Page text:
Richard Murphy – What we need is some Keynesian thinking

The world is in a deep economic crisis, Britain more than others. The current British Tory government is guided by a strategy of class war from above. Beyond this, what are genuine alternatives?

Richard Murphy is an economic justice campaigner. Professor of Accounting, Sheffield University Management School. Chartered accountant. Co-founder of the Green New Deal as well as blogging at Tax Research UK

Cross-posted from Tax Research UK

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British prime minister Boris Johnson implied yesterday that the cost of living crisis is a price worth paying to beat Putin. But we’re not at war. Nor is there any likelihood that we will be. Putin knows that. Johnson, I suspect, would like it otherwise: he has the fantasy of being the wartime as well as the peacetime Churchill. Thankfully, there are others to probably constrain him.

But, that said, we have an economy suffering the impact of war, following on from a period of economically chosen stagnation, as the 2010s were. What should be the reaction to that?

Keynes faced this dilemma in 1940. He, of course, knew he was writing about all-out war for a country without the resources to wage it. His contribution to thinking on the issue was critical. I offer a couple of thoughts inspired by it.

First, Keynes knew that there were two domestic issues to address in a war economy. One was the inflation that wartime shortages bring. The other was the prevention of poverty that wartime privations could create. He had answers, of course.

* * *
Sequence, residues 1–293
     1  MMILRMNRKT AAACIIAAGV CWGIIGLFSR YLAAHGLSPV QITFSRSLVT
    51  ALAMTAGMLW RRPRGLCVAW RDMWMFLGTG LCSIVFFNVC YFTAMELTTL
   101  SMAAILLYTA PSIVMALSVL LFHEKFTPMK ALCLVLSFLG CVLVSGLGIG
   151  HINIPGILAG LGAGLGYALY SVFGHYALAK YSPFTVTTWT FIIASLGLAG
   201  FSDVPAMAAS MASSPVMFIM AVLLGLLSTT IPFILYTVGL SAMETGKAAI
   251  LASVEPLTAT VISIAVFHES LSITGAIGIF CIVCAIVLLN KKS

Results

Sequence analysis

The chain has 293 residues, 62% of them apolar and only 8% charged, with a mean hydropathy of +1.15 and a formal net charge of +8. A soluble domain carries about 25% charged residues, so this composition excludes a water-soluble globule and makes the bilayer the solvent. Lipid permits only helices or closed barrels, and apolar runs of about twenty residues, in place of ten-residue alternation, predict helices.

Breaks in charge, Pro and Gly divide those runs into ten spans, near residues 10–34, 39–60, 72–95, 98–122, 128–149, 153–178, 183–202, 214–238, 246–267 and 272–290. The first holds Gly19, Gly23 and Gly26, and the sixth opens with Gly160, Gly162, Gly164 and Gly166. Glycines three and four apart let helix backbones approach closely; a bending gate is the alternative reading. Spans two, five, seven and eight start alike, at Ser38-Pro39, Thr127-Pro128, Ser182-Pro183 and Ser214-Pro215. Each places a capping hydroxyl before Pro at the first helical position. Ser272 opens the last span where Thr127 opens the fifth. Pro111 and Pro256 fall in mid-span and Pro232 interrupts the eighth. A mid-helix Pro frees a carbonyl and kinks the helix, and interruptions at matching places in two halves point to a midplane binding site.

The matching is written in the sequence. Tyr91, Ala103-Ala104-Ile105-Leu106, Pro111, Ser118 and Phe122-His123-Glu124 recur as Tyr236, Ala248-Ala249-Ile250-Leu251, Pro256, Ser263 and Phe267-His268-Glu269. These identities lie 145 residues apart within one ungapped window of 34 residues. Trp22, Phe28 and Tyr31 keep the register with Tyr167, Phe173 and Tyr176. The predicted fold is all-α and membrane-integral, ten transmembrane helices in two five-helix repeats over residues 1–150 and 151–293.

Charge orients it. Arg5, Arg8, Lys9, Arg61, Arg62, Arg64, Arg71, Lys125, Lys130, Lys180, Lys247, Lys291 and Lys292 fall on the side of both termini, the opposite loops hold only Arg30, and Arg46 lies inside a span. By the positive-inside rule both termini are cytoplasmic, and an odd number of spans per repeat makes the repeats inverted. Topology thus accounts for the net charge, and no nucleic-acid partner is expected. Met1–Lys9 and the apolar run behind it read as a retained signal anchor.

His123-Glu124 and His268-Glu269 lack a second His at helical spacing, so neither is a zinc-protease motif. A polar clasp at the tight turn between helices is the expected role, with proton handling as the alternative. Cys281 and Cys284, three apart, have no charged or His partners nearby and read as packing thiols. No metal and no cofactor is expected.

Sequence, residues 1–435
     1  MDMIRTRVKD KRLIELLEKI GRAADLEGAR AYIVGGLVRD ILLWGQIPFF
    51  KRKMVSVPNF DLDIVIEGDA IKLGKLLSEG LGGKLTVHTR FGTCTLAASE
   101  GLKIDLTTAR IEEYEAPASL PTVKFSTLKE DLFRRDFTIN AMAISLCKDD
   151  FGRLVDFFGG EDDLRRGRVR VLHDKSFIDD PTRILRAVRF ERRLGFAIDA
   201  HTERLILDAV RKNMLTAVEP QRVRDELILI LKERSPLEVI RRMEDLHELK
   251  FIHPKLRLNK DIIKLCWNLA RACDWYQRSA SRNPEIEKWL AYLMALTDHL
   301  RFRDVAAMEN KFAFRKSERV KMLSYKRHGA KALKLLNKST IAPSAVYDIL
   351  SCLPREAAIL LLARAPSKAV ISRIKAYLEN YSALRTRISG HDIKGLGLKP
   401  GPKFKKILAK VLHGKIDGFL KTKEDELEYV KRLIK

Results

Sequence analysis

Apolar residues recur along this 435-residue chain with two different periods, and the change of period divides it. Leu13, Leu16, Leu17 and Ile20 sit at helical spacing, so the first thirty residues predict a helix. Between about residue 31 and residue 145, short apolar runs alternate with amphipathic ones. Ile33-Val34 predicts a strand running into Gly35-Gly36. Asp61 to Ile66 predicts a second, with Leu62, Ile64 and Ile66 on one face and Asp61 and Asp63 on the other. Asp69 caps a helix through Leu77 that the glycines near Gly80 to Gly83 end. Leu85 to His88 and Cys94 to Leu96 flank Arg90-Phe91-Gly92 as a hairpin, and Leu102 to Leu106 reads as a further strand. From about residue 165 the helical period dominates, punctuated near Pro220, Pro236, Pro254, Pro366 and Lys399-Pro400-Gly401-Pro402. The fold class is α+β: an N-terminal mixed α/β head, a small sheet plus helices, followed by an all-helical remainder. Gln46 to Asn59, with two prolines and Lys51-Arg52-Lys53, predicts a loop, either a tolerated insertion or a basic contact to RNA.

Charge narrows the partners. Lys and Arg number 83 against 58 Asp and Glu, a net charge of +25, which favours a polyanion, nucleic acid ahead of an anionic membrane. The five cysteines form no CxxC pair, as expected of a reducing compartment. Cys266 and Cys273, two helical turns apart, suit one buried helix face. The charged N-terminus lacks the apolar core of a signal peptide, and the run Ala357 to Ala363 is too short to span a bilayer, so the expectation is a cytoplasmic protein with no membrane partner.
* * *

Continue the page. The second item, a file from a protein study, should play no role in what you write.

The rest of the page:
One was steeply progressive taxation. He was intent on taking consumer power out of the economy and did so through taxation of the best off. By and large, it worked.

Second, within that context there was support for the incomes of those on lower pay. Using the wages of the forces and other measures pressure was brought to bear to ensure that all could survive the consequences of conflict.

Third, a positive role for savings was created. This was wartime capital.

Fourth, rationing was used, which may be required with regard to energy in the UK, as yet. Importantly, the market was not trusted, which is the significance to draw from this.

Of course, I grossly summarise a whole policy, but I also retain the essence. How does this compare to where we are?

Johnson’s repose to war is to permit large companies and banks to profit; to let small businesses fail; to let landlords and speculators to gain; and to force those most impacted by the current worldwide economic shortages to bear the burden through real pay cuts and through tax and interest rate rises. He could not be further from Churchill if he tried.

What we need is some Keynesian thinking.

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